The primary response gene ST2 (IL1RL1 or T1) was suggested as an early marker of differentiation in osteogenic cell lines. ST2 receptor (ST2L) plays an important role in regulating osteogenic potential of osteosarcoma cells as well as regulation of osteoclastogenesis. In this study we aimed to investigate expression, regulation and possible biological role of this gene in the growth plate chondrocytes which is responsible for long bone elongation. We confirmed expression of both ST2L and soluble ST2 (sST2) in murine chondrogenic cell line ATDC5 using reverse transcription PCR. Increased to strong ST2 expression was observed by immunohistochemistry at pre-hypertrophic and hypertrophic chondrocytes of the tibial growth plate of euthanised three week old mice. Surprisingly, consistent with these results we noted several fold upregulation of both ST2L and sST2 mRNA in the late stages of ATDC5 differentiation. ColX and MMP-13, markers of chondrocyte hypertrophy, were also significantly increased in these hypertrophic ATDC5 cells. Master transcription factor Runx2 which controls chondrocyte hypertrophy was shown to be upregulated at differentiated ATDC5 cells. Our results showed that Runx2 upregulation by cDNA transfection or downregulation by siRNA knockdown significantly increase or decrease ST2 expression, respectively. Our results clearly indicated that both ST2 splice variants are transcribed from proximal promoter and low sST2 mRNA is also produced from distal promoter in Runx2 overexpressing cells. In silico promoter analysis identified consensus Runx2 binding sites on distal and proximal promoters and electrophoretic mobility shift assay demonstrated binding of Runx2 to both promoters. These results were confirmed further by chromatin immunoprecipitation assay. Overall, our data suggest that Runx2 is involved in regulating enhanced ST2 expression in pre- and hypertrophic chondrocytes. Therefore, further investigations might lead to elucidate ST2 function in the highly organised cartilaginous growth plate and thus give a new insight into the process of longitudinal bone growth.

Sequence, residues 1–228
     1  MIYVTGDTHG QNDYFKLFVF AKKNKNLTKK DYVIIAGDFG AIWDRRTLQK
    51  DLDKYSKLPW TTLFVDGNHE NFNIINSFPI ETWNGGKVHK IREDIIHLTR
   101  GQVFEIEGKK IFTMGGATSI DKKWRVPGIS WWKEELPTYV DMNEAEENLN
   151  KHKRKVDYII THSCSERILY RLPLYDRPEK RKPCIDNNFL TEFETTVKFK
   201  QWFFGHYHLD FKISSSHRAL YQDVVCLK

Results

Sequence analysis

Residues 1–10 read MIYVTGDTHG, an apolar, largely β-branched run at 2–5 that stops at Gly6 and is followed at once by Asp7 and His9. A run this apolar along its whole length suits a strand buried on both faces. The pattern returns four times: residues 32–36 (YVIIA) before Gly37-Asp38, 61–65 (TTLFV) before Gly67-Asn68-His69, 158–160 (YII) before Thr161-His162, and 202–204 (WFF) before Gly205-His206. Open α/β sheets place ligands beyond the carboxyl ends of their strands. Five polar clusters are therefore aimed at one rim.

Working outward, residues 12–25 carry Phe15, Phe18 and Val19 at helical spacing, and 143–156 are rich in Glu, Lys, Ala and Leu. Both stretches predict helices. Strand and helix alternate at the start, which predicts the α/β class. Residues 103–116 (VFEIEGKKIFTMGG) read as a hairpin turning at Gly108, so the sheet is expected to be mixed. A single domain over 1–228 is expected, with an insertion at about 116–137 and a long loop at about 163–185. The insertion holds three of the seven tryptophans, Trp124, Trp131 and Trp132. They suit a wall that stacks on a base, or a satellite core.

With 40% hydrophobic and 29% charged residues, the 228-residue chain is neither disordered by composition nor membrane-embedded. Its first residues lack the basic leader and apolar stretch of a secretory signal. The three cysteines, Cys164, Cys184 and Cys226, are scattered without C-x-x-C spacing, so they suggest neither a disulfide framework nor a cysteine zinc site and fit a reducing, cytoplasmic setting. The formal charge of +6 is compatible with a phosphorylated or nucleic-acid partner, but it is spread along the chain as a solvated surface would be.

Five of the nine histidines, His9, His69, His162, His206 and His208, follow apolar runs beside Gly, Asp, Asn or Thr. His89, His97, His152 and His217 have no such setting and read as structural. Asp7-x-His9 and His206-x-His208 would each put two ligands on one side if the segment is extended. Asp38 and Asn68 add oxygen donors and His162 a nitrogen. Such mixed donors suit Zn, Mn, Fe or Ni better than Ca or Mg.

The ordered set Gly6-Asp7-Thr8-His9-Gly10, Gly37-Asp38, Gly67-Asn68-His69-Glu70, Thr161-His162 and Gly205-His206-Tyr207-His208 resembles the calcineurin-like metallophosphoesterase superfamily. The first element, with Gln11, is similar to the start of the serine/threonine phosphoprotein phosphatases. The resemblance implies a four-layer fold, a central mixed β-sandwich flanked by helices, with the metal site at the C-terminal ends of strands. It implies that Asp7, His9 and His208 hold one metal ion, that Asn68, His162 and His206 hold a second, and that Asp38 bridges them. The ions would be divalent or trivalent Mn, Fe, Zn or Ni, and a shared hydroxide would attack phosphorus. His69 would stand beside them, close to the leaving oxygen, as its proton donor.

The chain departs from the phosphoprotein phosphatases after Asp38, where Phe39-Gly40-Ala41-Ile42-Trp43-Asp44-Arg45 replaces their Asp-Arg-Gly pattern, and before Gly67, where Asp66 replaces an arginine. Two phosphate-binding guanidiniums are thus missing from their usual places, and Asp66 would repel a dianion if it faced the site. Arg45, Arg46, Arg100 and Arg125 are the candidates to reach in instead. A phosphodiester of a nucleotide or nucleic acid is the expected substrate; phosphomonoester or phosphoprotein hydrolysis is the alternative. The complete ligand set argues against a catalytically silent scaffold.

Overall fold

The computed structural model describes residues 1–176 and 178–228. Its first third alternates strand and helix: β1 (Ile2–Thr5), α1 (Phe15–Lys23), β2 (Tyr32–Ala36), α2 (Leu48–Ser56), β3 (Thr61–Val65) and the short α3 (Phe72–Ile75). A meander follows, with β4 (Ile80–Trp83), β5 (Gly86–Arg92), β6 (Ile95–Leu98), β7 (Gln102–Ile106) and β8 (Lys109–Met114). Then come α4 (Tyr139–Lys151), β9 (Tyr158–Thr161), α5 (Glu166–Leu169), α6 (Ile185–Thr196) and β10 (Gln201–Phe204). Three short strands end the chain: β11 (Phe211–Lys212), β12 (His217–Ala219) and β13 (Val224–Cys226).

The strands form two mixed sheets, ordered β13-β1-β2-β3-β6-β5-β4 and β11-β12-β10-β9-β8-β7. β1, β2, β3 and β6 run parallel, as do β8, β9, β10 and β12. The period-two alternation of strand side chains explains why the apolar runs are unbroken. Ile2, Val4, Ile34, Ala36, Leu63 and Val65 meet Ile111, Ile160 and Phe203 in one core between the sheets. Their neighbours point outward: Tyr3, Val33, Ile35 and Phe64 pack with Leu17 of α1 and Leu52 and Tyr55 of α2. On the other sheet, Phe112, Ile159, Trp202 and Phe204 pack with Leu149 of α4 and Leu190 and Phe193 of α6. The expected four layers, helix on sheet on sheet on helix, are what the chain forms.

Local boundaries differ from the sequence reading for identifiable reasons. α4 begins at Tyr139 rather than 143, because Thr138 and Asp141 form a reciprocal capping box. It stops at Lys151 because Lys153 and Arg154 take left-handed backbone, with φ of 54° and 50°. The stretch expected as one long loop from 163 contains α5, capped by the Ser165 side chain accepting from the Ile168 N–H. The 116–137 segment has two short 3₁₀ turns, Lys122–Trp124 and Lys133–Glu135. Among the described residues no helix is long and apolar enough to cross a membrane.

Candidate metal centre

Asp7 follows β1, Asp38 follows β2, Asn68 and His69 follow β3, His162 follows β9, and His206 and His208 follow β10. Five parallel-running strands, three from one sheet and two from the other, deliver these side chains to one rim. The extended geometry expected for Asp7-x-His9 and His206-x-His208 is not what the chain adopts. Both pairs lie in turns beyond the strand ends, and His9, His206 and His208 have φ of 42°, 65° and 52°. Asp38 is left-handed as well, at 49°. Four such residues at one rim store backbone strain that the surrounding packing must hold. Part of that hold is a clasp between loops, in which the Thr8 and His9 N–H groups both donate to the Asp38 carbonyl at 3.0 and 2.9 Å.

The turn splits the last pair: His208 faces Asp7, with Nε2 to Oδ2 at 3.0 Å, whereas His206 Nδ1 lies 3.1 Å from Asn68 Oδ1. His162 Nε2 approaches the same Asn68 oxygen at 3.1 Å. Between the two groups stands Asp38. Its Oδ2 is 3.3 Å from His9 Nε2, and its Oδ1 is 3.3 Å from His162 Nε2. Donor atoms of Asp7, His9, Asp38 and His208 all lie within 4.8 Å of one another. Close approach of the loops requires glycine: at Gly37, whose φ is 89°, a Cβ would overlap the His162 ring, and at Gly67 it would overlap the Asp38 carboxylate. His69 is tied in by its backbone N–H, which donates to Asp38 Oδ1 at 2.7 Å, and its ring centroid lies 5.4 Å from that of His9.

Disclosure: The authors declared no competing interests. This work was supported by the MUG Research Units: Division of General Pediatric and Adolescence Surgery; Funded by: Hygienefonds der Med Uni Graz, Austria.